Home soundproofing


Postby thedoctor » Tue May 30, 2006 4:28 pm

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Last edited by thedoctor on Fri Mar 02, 2007 11:57 am, edited 1 time in total.
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Postby carol » Wed Feb 28, 2007 2:46 pm

i am wanting to soundproof a bedroom wall because i can hear noise from my neighbours. does 12.5mm plasterboard work well or should i use M20 boards? and then plasterboard over the top?
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Postby thedoctor » Fri Mar 16, 2007 1:53 pm

MANY OF THE ANSWERS TO YOUR POSTS CAN BE FOUND, WITH DIAGRAMS, IN THE DIYDOCTOR PROJECTS SECTION.
CLICK HERE www.diydoctor.org.uk/projects.htm
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Postby Donna legare » Thu Apr 19, 2007 12:22 am

I also want to soundproof my bedroom becasue of my neighbors. What can we do without having to remove the existing wall?
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Postby cookie13 » Fri Apr 20, 2007 7:05 pm

I can also here my neighbours in my bedroom, there is an exsisting air conduct between the two house, does this affect anything. how can i soundproof?
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Postby DavidH » Tue May 01, 2007 8:17 am

I have a small understairs cupboard that I want to put a Dell Poweredge server into. The fans are rather noisy and even with the door closed they can still be heard in the nearby bedrooms. What I would like to do is to be able to soundproof this cupboard so that noise is contained.

The cupboard door isn't tight fitting, so I guess something could be applied to the surround to help stop sound getting out that way. The door is quite thin, probably only about 1.5cm wood - what would be the best product to fix to the inside of the door to help reduce noise?
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Postby thedoctor » Tue May 01, 2007 9:18 am

Go to our soundproofing projects on the website and click into the sponsors banner there. They (CAD) are a great company and will be able to give you some help.
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Postby henry2000 » Tue Aug 28, 2007 8:09 pm

buy a detached!!!!
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Postby annbridges » Sat Jan 12, 2008 2:53 pm

I am about to build a new bathroom in a larger room. My preference would be for stud partitions. But how could I best sound insulate these by building something in rather than adding to the outside?
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Postby Nimrod » Sat Jan 12, 2008 7:34 pm

Ann,

Stud partition will be fine.

You will need to attend to three things.

Panel resonance, surface mass and damping of the void between the two plaster board skins.

The damping is easy. You fill the void with rock wool batts (don't use fibreglass insulation).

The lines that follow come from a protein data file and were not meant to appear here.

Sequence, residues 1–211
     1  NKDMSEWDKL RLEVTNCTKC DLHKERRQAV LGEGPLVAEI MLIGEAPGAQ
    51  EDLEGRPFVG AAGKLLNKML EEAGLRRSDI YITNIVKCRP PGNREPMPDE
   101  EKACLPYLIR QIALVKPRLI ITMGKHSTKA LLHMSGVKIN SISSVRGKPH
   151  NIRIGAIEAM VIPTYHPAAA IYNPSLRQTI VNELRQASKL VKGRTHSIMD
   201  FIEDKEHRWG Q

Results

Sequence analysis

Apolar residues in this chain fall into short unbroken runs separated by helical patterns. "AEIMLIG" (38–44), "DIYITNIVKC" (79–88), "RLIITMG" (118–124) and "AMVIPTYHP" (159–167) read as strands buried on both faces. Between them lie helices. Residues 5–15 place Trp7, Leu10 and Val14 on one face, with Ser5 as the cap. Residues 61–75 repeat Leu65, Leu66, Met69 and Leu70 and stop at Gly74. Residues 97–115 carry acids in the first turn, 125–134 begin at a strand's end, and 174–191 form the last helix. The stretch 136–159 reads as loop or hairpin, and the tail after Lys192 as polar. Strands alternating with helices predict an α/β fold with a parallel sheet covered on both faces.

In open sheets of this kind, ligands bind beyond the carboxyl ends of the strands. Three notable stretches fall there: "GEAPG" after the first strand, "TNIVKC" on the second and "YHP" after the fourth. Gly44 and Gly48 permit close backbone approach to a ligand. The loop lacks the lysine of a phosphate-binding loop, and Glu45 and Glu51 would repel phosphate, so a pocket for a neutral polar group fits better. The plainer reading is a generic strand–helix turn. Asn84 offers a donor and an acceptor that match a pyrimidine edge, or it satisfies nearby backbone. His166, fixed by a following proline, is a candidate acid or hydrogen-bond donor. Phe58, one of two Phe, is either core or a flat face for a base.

With regards to panel resonance and surface mass they're relatively easy to address too. You simply use a double skin of plaster board on each side of the partition. In doing so make the outer leaf of plasterboard of the double skin thicker than the inner leaf ie the one nearest the stud.

As it's a bathroom you are building it is possible that you may clad the walls with ceramic tiles. If you do then you will increase surface mass even further.

Fit the room with a solid core door (fire rated doors are a good choice) and make sure that it fits well into the opening.

Hope this helps.

Let the forum know how you get on

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Postby nambler » Sun Jan 23, 2011 10:16 pm

DavidH wrote:I have a small understairs cupboard that I want to put a Dell Poweredge server into. The fans are rather noisy and even with the door closed they can still be heard in the nearby bedrooms. What I would like to do is to be able to soundproof this cupboard so that noise is contained.

The cupboard door isn't tight fitting, so I guess something could be applied to the surround to help stop sound getting out that way. The door is quite thin, probably only about 1.5cm wood - what would be the best product to fix to the inside of the door to help reduce noise?
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Postby JeffR » Mon Mar 28, 2011 8:40 pm

My ceiling was starting to fall so I pulled it down and need to replace it, but am not sure what to use. I removed horse hair plaster which was up to an inch/25mm thick and want the equivalent or better sound resistance. Can anyone recommend the appropriate thickness of plasterboard and/or should I use insulated board (I'm not that bothered about heat, but wouldn't mind if it insulates a bit better)?
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Postby bartoneblaze » Thu May 26, 2011 8:22 am

Soundproofing is any means of reducing the sound pressure with respect to a specified sound source and receptor (noise control). There are several basic approaches to reducing sound.When soundproofing, it's important to understand two things- sound is complex and every situation is unique.
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